Five Facts About the Poinsettia

By Marc Frank, Extension Botanist

Creamy pink poinsettias and bright red ones in the background
Poinsettias are the most popular plants for the holiday season. Photo courtesy of Marc Frank, UF/IFAS. All rights reserved.

1. It is named for the person who introduced it to the United States

The poinsettia was brought to the United States from Mexico around 1828 by Joel Roberts Poinsett. An avid gardener and amateur botanist, Poinsett was serving as a congressman from South Carolina when he was appointed as the first US Minister to Mexico (a position that he held from 1825 to 1829). While in Mexico, Poinsett observed this species flowering and sent plants back to his greenhouse in Charleston. Until that time, this species was unknown outside of its native range of Mexico and Guatemala, where it was referred to as flor de nochebuena (Christmas Eve flower). Once introduced to the U.S., it quickly gained the common name poinsettia, but is also known by many other common names including Christmas flower, Christmas star, lobster plant, painted leaf, and Mexican flame leaf.

2. The showy part of the plant is a leaf, not a flower

The whorl of brightly colored structures we think of as flower petals are actually bracts — modified leaves, which function to attract pollinators to the relatively small and inconspicuous actual flowers at the center. Compare a bract with one of the leaves and you will notice they are quite similar in structure, but are just differently colored. In wild poinsettias, the bracts are typically bright red, but horticulturists have now bred varieties with bracts in varying shades of white, pink, purple, orange, and yellow.

3. Poinsettias form flowers in response to day length and temperature

Poinsettias do not produce flowers year-round. Instead, this species initiates flower buds in winter when the nights are longer than the days. While known as “short day plants,” it is actually the exposure to darkness that is critical to the formation of colorful bracts and flower buds. Dark periods of 11 hours, 45 minutes will initiate flowers in most poinsettia varieties, but initiation is most rapid at 14–14.5 hours of darkness. Temperatures above 79 degrees can delay flower initiation, as can exposure to outdoor lights. In order to have poinsettias ready to sell by Thanksgiving, commercial poinsettia growers need to create ideal conditions in their greenhouses in late September or early October. They do this by pulling light-excluding fabric over their nursery benches each afternoon to achieve the required period of darkness and maintain their greenhouses at 62-68 degrees.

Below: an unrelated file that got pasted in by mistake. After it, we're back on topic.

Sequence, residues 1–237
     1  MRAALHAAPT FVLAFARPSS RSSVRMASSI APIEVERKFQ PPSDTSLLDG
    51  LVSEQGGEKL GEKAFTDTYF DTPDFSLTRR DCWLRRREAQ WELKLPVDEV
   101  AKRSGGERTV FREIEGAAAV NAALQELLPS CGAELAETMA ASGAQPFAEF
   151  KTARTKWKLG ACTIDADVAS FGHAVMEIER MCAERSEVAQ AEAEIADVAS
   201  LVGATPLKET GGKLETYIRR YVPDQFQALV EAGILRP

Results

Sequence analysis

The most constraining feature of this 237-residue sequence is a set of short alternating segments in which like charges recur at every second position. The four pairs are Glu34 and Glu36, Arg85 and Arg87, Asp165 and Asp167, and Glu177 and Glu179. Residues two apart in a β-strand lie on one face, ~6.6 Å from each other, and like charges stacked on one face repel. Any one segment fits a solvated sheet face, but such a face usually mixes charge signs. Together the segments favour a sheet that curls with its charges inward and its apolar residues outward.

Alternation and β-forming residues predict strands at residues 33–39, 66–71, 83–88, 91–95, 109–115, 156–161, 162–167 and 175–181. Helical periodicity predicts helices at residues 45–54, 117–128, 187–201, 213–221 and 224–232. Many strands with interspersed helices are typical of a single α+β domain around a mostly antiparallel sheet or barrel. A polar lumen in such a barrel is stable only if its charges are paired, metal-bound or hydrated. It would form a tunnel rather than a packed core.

4. Poinsettias are not as poisonous as you may have heard

This species has a reputation for being extremely poisonous. While there is little doubt that the milky latex of poinsettias can cause irritation to the skin, eyes, mucus membranes, or when consumed, to the digestive system, poinsettia is apparently one of the less toxic species of Euphorbia.

According to Toxic Plants of North America¹, “Most accounts of poinsettia poisoning are unconfirmed and not consistent with experimental evidence and carefully evaluated clinical experiences. Analysis of 22,793 cases of reported human exposures to poinsettia revealed that 93.3% were in children, that there were no fatalities, and that in 92.4% there were no signs of adverse effects.”

A group of poinsettias with ones that are light pink, yellow, salmon colored, and pale red.
Poinsettias have been bred for bracts of many different colors. Photo courtesy of Marc Frank, UF/IFAS. All right reserved.

5. Poinsettias are a high-value crop

According the USDA, poinsettias are the second largest-selling flowering potted crop in the country (orchids are the biggest seller). In 2018, U.S. potted poinsettia sales totaled $149 million.

Marc S. Frank
Extension Botanist
UF/IFAS Plant Identification and Information Service
University of Florida Herbarium

Also on Gardening Solutions

1. Burrows, George E. and Ronald J. Tyrl. 2013. Toxic Plants of North America, 2nd ed. Wiley-Blackwell, Hoboken, NJ.